Wednesday, March 18, 2009

I have recently started tagging articles using Google Reader. This is a tool that allows me to easily post stories that I've read online.

If you would like to, you can subscribe to the feed provided and then you can easily keep track of stuff that I've been reading.

Google Reader is an alternative to me emailing links to articles I have been reading. Sort of a simplified blog. If you were subscribed, you may have noticed that I am no longer using this blog. So, check things out there if you are interested.

Wednesday, January 28, 2009

The return of science

What a really great piece on the return of science.  I also found the comments on China interesting.

"There is no democracy in China, and some would argue that despite that nation’s vast resources and potential, there will not be vigorous science there either until the Chinese leaders take seriously what Mao proclaimed back in 1955 and then cynically withdrew: Let a hundred flowers bloom, let a hundred schools of thought contend."

Sunday, February 10, 2008

Sci-Fi Literature

I really enjoyed this piece in Wired on sci-fi as the last refuge of real philosophical literature. Of course, I'm a bit of biased audience since I'm a sci-fi geek, but his arguments are interesting.

Monday, August 27, 2007

Seville's Solar Tower

I heard about this in an NPR story and followed up by watching a video from the BBC. This thing is incredibly cool! I'd love to see it in person. This "solar tower" uses 600 mirrors to focus the sun's rays on a single point at the top of the tower where water is heated for turning turbines. I had heard of a different "solar tower" design that used panels and convection for moving air-driven turbines, but this one was new to me.

(Rhetorical question) Why isn't the US involved in more research like this? Each of these designs comes from other countries.

Monday, July 30, 2007

City Museum

While recently in St. Louis on vacation, I had one of the coolest experiences. The City Museum! This place is part art, part playground and all fun. Seems like a large group of artists were set loose on this old abandoned shoe factory and went wild creating art from "found objects" (e.g. "junk") from in and around the city. The results are amazing. The highlight was MonstroCity, which is the outdoor playground consisting of old airplanes, a castle turret, and bunch of scaffolding that you climb through, with many tight squeezes and vertigo-inducing heights. You can see our pics at Flickr (and see all "citymuseum" tagged photos) and there are loads of cool pics on their website. Better yet, go and experience it for yourself!

You can read about the City Musuem at there website. There is also a very interesting feature in Wired magazine.

Sunday, July 29, 2007

Photo in Post-Dispatch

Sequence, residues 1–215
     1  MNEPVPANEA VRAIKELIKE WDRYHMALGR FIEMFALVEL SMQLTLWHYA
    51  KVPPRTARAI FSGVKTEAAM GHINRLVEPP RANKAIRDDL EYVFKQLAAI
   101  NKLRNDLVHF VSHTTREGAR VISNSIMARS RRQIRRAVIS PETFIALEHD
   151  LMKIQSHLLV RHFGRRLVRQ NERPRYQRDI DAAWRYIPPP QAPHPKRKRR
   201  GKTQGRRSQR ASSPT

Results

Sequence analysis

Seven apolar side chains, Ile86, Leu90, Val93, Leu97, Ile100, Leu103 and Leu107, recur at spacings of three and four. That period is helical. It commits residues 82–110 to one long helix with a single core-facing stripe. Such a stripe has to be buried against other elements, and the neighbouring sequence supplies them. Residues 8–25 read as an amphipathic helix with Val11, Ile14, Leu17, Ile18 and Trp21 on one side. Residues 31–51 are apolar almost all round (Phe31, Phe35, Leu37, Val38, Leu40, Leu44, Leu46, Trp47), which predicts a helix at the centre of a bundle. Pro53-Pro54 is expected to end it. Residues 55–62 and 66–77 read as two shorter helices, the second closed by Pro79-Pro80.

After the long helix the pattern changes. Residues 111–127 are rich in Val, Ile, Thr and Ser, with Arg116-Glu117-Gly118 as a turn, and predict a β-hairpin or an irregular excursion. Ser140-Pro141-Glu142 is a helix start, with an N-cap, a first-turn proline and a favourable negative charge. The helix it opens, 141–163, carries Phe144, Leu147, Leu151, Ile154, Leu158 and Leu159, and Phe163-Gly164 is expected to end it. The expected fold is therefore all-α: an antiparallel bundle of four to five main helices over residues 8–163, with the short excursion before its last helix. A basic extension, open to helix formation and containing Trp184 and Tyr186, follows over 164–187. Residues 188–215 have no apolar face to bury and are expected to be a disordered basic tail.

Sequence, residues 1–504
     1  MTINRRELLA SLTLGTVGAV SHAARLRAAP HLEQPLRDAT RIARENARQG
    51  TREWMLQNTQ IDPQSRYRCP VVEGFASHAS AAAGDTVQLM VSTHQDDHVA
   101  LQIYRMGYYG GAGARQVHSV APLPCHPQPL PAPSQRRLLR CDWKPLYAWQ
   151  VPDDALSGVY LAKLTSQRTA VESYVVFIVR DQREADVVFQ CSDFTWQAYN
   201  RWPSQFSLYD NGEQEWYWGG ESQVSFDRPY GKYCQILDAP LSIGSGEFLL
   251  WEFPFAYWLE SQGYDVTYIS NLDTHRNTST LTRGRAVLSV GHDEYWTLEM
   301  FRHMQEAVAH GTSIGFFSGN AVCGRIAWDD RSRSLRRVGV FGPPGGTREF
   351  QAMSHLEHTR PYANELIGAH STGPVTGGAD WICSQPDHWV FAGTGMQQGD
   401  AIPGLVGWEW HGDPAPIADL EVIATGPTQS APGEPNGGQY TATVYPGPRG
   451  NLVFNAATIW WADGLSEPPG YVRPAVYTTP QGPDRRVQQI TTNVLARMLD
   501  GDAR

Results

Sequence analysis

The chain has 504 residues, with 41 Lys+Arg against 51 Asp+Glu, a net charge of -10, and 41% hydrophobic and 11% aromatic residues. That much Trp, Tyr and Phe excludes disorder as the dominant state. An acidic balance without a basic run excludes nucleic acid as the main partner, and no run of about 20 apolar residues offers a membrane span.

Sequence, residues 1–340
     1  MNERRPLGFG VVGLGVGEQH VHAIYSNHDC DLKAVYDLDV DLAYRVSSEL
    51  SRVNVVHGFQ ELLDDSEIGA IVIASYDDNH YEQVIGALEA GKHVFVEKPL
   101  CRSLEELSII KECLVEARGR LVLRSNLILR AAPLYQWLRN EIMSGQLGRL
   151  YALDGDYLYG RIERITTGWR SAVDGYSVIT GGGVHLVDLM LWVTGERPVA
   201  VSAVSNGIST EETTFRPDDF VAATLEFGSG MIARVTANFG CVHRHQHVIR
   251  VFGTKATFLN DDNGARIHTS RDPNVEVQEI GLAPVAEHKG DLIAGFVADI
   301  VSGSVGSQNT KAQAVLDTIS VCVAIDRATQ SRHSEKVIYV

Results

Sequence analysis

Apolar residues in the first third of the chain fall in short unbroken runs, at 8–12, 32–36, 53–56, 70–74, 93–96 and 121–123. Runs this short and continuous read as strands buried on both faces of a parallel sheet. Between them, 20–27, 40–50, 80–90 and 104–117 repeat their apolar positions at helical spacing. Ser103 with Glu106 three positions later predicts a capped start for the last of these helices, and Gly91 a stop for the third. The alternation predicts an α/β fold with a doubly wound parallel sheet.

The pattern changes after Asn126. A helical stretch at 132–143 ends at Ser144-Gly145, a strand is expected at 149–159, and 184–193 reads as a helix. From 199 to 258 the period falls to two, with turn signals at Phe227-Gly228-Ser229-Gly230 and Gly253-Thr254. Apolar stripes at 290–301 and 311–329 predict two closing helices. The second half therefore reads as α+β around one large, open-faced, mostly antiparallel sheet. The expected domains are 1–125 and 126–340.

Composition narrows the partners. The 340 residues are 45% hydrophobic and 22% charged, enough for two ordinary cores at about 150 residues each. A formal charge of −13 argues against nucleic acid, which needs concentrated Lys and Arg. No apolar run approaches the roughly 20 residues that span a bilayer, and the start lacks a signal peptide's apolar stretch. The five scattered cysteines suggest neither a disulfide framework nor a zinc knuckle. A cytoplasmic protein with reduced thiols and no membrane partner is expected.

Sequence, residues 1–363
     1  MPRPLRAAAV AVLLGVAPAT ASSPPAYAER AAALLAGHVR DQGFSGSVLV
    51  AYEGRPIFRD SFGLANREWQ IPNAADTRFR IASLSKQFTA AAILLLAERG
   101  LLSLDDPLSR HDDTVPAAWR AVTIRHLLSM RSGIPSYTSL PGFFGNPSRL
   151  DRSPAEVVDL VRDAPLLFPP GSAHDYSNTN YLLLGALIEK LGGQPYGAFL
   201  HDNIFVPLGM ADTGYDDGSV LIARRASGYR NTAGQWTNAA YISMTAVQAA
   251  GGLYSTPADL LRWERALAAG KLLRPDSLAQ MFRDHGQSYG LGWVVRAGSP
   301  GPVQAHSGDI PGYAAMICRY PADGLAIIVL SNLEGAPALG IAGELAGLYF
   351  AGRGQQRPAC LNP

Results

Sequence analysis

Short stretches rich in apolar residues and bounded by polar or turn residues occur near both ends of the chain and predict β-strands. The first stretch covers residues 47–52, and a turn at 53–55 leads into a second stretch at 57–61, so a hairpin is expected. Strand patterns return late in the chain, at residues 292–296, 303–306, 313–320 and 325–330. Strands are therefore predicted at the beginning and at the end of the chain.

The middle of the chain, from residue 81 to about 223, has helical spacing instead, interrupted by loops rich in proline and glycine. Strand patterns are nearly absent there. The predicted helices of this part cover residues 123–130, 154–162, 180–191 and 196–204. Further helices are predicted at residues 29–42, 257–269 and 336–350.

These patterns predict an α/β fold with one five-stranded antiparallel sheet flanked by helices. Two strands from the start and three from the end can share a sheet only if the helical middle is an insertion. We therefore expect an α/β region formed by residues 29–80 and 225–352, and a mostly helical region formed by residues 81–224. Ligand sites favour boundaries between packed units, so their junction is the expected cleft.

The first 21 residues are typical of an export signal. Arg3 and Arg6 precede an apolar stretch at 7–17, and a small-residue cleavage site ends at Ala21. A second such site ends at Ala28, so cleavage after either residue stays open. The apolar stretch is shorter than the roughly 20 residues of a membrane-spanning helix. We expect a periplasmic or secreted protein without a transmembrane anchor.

We recently made a family trip to St. Louis (my hometown) and visited the Gateway Arch. While taking pictures outside, a photographer approached me and took this shot that ended up on the front page of the St. Louis Post-Dispatch. We went two days after a recent outage that they experienced with their tram system (that takes you to the top). Everything is still running fine, but they had to shut down one side of the Arch tram system and it made big news. The photo at the left is the resulting picture you see me taking in the newspaper photo.

Monday, July 16, 2007

Wolf migration to Colorado

This is old news, but it was news to me. The Colorado Division of Wildlife believes they have evidence of wolf migration into Colorado. They even posted a video. It appears a male wolf may have crossed the border with Wyoming to possibly establish territory or to look for a mate. Of course, this doesn't really constitute a migration as he might of just crossed back over into Wyoming. But as the gray wolf population grows (estimates have 3,800 in the lower 48) and with the incredible range of these animals, such migrations could continue. Thankfully, any wolf in Colorado is currently protected under USFWS regulations as it is still listed as an endangered species. But western states (Wyoming, Montana, Idaho, Colorado) are drafting their own management plans to handle wolves as they will become responsible if wolves are taken off the endangered species list. Currently, the de-listing of the wolf is expected to become a protracted legal battle.

I mentioned the incredible range of these animals. They can defend territory ranging from 50 to 1,000 square miles. For fun, I calculated the rough distance a wolf might have migrated if this sighting (north of Walden, CO) was a Yellowstone wolf (see Yahoo map - about 500 miles). The Colorado DOW found no tag or collar that would indicate it was a Yellowstone wolf and it is possible that it migrated from another state (Idaho, Montana, New Mexico and Arizona all were part of a reintroduction program as well as Wyoming/Yellowstone). Still, it is sort of fun to imagine these animals traveling these distances.

You can read more about the gray wolf here: